Cole v. State

CourtUnited States State Court of Criminal Appeals of Oklahoma. Court of Criminal Appeals of Oklahoma
Citation262 P. 712,38 Okla.Crim. 396
Docket NumberA-6236.
PartiesCOLE et al. v. STATE.
Decision Date07 January 1928

Syllabus by the Court.

An affidavit for a search warrant, made on information and belief, is not sufficient to authorize the issuance of a search warrant, unless the affiant sets up the facts upon which his belief is based, and shows that the facts stated are within his personal knowledge, and such facts are sufficient to constitute probable cause.

No warrant shall be issued to search a private residence occupied as such, unless it, or some part of it, is used as a store, shop, hotel, boarding house, or place for storage, or is a place for public resort.

In this state, a defendant may be charged in an information with but one offense. An information charging more than one offense is duplicitous, and a demurrer thereto for duplicity should be sustained.

Where it is clear from the information, the evidence, the verdict and the judgment that defendant, over his objection, was tried for two separate offenses, a conviction is in violation of law, and cannot be sustained.

Appeal from County Court, Kay County; J. L. Roberson, Judge.

T. H Cole was convicted of violating the prohibitory liquor law and he appeals. Reversed and remanded.

Wieck & Armstrong, of Ponca City, for plaintiff in error.

Edwin Dabney, Atty. Gen., for the State.

EDWARDS J.

The plaintiff in error, hereinafter called defendant, was convicted in the county court of Kay county of violating the prohibitory liquor law, and sentenced to serve 90 days in the county jail, and to pay a fine of $250.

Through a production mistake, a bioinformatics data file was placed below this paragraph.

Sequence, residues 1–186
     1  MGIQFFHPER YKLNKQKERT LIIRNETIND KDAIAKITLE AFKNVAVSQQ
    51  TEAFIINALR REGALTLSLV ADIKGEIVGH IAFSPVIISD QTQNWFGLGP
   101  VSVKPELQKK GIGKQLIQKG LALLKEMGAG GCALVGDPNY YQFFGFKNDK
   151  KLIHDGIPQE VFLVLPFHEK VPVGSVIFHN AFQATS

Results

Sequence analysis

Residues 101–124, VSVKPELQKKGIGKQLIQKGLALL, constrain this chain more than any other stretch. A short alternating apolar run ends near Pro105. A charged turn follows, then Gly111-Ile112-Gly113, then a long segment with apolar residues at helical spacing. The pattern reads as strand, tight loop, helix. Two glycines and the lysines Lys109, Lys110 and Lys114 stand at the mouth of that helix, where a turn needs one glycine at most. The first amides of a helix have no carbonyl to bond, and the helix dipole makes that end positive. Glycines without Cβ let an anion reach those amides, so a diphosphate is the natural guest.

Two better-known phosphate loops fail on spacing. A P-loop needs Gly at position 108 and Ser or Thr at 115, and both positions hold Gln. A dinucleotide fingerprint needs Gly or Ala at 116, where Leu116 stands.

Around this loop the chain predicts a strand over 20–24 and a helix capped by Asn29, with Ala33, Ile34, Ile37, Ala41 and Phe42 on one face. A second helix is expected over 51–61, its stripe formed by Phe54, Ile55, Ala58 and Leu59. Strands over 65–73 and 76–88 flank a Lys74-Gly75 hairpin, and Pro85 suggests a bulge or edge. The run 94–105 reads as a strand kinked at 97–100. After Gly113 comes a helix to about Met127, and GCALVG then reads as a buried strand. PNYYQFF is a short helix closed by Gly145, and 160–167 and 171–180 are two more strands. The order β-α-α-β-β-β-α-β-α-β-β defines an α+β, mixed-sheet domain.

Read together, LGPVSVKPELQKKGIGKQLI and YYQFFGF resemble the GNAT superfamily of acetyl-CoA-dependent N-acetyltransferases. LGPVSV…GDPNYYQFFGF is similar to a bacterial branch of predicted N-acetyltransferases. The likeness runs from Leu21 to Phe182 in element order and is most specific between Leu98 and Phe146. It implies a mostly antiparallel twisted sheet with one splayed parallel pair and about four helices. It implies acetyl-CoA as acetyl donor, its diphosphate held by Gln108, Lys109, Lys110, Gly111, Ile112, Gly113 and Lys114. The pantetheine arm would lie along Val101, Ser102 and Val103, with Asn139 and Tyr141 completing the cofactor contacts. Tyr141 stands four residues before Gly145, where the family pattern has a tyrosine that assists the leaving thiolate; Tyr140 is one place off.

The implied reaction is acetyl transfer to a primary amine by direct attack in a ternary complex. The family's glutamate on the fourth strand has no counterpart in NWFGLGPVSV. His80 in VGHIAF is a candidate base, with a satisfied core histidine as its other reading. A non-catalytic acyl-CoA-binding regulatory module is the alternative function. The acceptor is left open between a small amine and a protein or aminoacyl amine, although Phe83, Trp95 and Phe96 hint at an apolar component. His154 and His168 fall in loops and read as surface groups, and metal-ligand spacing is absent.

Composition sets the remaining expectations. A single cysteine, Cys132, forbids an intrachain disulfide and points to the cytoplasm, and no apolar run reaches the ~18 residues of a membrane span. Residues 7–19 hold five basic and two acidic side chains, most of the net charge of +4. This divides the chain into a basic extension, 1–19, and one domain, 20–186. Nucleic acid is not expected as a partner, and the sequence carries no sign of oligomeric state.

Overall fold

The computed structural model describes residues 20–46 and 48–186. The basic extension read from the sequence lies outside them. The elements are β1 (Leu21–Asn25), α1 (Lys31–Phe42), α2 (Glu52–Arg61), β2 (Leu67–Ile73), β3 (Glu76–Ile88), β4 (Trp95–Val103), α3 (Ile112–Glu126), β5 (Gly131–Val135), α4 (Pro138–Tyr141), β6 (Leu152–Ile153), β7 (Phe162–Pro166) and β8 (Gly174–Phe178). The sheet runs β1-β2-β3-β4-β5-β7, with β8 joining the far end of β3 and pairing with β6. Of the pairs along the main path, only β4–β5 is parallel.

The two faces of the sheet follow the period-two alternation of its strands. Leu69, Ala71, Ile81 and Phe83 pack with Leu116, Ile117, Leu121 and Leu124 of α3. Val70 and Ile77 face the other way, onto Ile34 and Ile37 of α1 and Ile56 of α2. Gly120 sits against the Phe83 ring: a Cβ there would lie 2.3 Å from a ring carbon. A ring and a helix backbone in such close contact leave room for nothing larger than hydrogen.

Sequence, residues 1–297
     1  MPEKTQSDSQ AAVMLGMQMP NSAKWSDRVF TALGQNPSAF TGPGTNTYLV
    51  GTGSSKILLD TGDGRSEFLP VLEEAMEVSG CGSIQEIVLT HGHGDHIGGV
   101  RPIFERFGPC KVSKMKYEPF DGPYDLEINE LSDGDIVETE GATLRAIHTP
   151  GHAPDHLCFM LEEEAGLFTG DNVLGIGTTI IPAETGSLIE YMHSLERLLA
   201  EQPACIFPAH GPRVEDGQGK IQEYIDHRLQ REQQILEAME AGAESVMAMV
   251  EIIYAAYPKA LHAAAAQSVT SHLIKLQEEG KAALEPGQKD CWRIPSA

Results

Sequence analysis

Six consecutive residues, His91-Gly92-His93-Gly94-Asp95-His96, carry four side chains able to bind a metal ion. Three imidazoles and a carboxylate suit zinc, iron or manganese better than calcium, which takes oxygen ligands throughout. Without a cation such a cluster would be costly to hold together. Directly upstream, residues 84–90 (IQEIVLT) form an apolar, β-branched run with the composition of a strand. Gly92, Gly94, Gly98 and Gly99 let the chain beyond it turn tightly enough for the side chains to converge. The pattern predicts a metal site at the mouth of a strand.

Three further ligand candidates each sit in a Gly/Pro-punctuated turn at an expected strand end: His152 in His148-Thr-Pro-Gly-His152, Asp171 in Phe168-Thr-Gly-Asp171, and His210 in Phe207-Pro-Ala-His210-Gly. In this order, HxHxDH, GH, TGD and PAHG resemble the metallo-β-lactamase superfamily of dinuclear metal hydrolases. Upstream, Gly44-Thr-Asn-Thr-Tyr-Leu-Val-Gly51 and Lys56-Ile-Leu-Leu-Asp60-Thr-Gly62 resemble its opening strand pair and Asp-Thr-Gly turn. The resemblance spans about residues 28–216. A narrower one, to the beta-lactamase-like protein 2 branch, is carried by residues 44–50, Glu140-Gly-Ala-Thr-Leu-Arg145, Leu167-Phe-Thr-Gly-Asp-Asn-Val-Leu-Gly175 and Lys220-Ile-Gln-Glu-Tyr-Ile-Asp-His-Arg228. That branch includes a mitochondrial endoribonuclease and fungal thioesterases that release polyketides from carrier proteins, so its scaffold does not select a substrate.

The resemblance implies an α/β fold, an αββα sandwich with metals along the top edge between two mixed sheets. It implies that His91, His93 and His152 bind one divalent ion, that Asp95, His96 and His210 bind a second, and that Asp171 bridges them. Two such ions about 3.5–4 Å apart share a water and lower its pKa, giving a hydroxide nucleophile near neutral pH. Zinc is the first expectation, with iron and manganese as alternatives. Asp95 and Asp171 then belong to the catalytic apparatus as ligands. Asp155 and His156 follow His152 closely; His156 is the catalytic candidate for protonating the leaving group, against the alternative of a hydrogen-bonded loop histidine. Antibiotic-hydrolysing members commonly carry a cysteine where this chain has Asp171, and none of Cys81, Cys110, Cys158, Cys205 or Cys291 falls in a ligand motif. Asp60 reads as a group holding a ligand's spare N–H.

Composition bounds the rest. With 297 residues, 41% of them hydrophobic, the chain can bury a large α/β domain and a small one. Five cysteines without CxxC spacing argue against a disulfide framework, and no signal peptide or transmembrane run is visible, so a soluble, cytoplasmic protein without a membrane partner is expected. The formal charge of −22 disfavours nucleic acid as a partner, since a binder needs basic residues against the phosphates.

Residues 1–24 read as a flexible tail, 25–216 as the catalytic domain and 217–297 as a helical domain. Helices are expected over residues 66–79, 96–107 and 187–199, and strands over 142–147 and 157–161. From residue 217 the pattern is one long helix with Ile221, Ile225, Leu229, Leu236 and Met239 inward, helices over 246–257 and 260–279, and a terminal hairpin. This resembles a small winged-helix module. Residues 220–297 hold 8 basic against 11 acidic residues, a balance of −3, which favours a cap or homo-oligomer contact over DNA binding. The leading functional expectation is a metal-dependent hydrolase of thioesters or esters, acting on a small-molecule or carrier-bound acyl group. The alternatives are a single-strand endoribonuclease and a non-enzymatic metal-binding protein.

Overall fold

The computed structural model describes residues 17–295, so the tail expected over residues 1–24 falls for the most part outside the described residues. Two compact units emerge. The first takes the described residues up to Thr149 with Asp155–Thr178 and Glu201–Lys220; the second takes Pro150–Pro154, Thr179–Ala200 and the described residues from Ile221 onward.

The record discloses that defendant, his wife who was jointly tried with him, and one child, resided near the town of Tonkawa. In November, 1925, an affidavit for a search warrant for the search of the quarter section of land on which defendant resided was filed with a justice of the peace, as follows:

"----------, being first duly sworn on oath, deposes and says: That as to the following described premises, to wit: S.E. 1/4, Sec. 20, Twp. 25, R. 1 W., said premises being in the possession of John Doe, a true name unknown. That your affiant was told by a person who visited the premises that while there he smelt intoxicating liquor on the premises. That your affiant has been informed that a person who visited the premises saw a still in operation in the attic of the house. Your affiant says that the general reputation of the place and premises in the community and neighborhood is that it is a place where intoxicating liquor is being kept, concealed, and sold. * * *"

An affidavit for a search warrant made on information and belief is sufficient only where it sets out the facts upon which the belief is based, and shows that such facts are within the personal knowledge of affiant or affiants, and the facts alleged are sufficient to constitute probable cause. Cornelius on Search and Seizure, § 85, p. 274.

No attempt is made to comply with the provisions of section 7013. Comp. St. 1921, which is:

"No warrant shall be issued to search a private residence, occupied as such, unless it, or some part of it, is used as a store, shop, hotel, boarding house, or place for storage, or unless such residence is a place of public resort."

There is no allegation that the residence or any part of it is used as a store, shop, hotel, boarding house, place for storage or place of public resort. The warrant based on this affidavit does not disclose by whom the affidavit was made, and in this particular fails to conform to section 2881, Comp. St. 1921, which provides a form for search warrant setting out the name of the person or persons...

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